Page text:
Why you should erase every Hollywood birth scene from your memory before having a baby

The first time that I remember seeing a Hollywood birth scene, I was sitting in a movie theatre with my high school boyfriend. The movie was Knocked Up, which stars one of my favourite actresses, Katherine Hiegl. (Because Izzy Stevens. Am I right?). We went into the movie having heard all about the famous crowning scene. Something that had never been shown on a Hollywood film thus far. Now, before I go on, I actually have to give this movie some credit. They discussed what a bloody show was while the labouring mama relaxed in a bubble bath in early stages of labour. That is something I can totally get behind. 

The part of that birth that sticks out the most for me, is the scene in which a friend of the baby daddy hears baby mama's screaming from the waiting room. He decides that he must check on her and make sure everything is okay (eye roll). Baby mama, Alison, looks at him with a look of rage and feral animal mixed into one and yells “geeeetttt ouuutttt”. Funny? Maybe. Accurate? Well, maybe, but probably not. First of all, you might be so lost in Labour Land by that point that you may not even notice someone popping their head in. Second of all, you have way more control over who can come into the room you’re labouring in than the movie portrays. These kind of scenes give us an inaccurate view of what labour and birth might actually be like. 

There are literally hundreds of Hollywood birth scenes that inaccurately portray birth. We've all seen the water breaking in a huge commotion on the street, and the ambulance coming to take her to the hospital immediately. The flat on her back, legs up in stirrups, pushing while screaming bloody murder so everyone in the waiting room can here. Although these kind of scenes make for some excellent entertainment, they’re simply not all that accurate. 

Our western society has a very skewed view of birth. We have medicalised it so much and filled our minds with those entertaining movie scenes that when it’s time for a woman to actually do it, it becomes a medical emergency, it’s overwhelming and we feel completely out of control.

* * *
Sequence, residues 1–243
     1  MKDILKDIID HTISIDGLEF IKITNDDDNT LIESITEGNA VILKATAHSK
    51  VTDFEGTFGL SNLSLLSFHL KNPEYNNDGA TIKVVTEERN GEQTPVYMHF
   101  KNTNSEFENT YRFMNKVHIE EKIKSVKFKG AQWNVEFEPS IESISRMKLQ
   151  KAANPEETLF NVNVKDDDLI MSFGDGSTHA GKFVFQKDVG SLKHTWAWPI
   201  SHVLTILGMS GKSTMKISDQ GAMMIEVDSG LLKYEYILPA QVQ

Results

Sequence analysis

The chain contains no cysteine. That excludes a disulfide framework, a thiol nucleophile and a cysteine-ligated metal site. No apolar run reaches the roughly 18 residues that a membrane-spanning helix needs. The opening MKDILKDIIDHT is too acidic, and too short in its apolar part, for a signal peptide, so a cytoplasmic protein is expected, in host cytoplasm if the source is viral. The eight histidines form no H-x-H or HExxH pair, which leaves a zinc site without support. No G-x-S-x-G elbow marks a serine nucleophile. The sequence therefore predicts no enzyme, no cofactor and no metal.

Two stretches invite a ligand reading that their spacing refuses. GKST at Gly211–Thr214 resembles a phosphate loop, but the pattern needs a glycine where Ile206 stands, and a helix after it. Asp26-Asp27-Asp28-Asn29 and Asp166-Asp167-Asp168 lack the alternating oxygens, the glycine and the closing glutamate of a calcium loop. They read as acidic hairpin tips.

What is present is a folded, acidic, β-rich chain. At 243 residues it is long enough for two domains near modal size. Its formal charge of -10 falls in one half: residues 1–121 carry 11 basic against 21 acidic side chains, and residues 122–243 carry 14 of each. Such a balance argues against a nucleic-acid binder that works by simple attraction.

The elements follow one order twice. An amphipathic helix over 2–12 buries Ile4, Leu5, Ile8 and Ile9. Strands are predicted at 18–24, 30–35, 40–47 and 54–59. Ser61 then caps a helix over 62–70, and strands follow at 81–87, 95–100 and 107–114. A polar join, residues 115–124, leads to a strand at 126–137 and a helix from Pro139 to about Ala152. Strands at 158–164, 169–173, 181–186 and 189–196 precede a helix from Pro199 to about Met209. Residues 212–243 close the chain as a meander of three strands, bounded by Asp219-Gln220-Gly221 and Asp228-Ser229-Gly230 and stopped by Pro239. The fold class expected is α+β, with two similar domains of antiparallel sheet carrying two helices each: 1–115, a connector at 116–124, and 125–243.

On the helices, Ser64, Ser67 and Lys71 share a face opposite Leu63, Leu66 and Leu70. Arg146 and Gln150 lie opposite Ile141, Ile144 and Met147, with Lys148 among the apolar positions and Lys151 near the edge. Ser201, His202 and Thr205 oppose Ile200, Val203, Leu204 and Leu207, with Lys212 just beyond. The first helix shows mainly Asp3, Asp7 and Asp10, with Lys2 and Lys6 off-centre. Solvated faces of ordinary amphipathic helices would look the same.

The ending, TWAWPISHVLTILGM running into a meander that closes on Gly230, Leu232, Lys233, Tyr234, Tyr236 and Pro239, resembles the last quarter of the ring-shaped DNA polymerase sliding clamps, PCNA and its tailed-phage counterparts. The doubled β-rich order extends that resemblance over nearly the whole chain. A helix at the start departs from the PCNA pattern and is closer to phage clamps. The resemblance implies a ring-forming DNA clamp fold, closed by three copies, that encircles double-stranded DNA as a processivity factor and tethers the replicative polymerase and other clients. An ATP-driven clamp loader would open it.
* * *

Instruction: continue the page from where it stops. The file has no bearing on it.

The thing is though, it’s all fake news. Birth isn’t scary, overwhelming or out of control. When a family goes into a birth having a plan A, B and even C  birth becomes something we have power over. When we go into the birth having looked at what birth actually looks like, the moaning becomes less scary sounding and sounds more like a woman doing some hard work to move that baby down through her body. When we hire birth professionals to assist us through all the stages of pregnancy and labour we are able to learn our options and get back our power over our births through having knowledge. 

When I was a kid and I watched a horror film, I would tell myself when something got a little too scary “it’s just a movie. It’s all just props, sets and actors. None of it is real”. This is what we need to start doing during those oh, so dramatic birthing scenes. A typical 8-12 hr labour with contractions that are well managed by a strong woman is not something that makes a good movie. But just like those horror movies, it’s just a movie! It’s all just sets, props and actors. None of it is real. 

So what can a person do to retrain their mind to not believe this fake birth news? 

  • Watch some birth videos on YouTube. Specifically hypnobirthing or home births. These will show you how relaxed, un-urgent and beautiful birth can be.

  • Follow birthTube on Facebook. This is a page where really brave woman broadcast their birth live through Facebook live. Be careful though! It’s addicting. I may or may not have forgotten to cook my family supper and had to order pizza one evening after getting caught up watching a birth. (sorry, not sorry, family)

  • Hire a doula to help you know your options and give you back the reigns in the birthing room

  • Hypnobirthing or hypnotherapy: when I was pregnant with my first baby, long before my doula days, I took a local hypnobirthing class. It changed my entire view of pregnancy and birth.

  • If someone starts talking to you about a negative birth story, redirect them and ask for positive birthing stories only. ‘Cause you don’t need that kind of negativity in your life.

One day maybe Hollywood will realize how damaging it is to show these kinds of scenes but their purpose is to entertain, and not to educate, so it’s unlikely that they ever will. So, it’s our responsibility to fill the minds of young families with positive labour and birth stories, real information that empowers them, and most of all that labour is, for the most part, pretty boring. Which is just the way we want it to be. 

-Alyssa Douglas, RPN, Labour/Postpartum Doula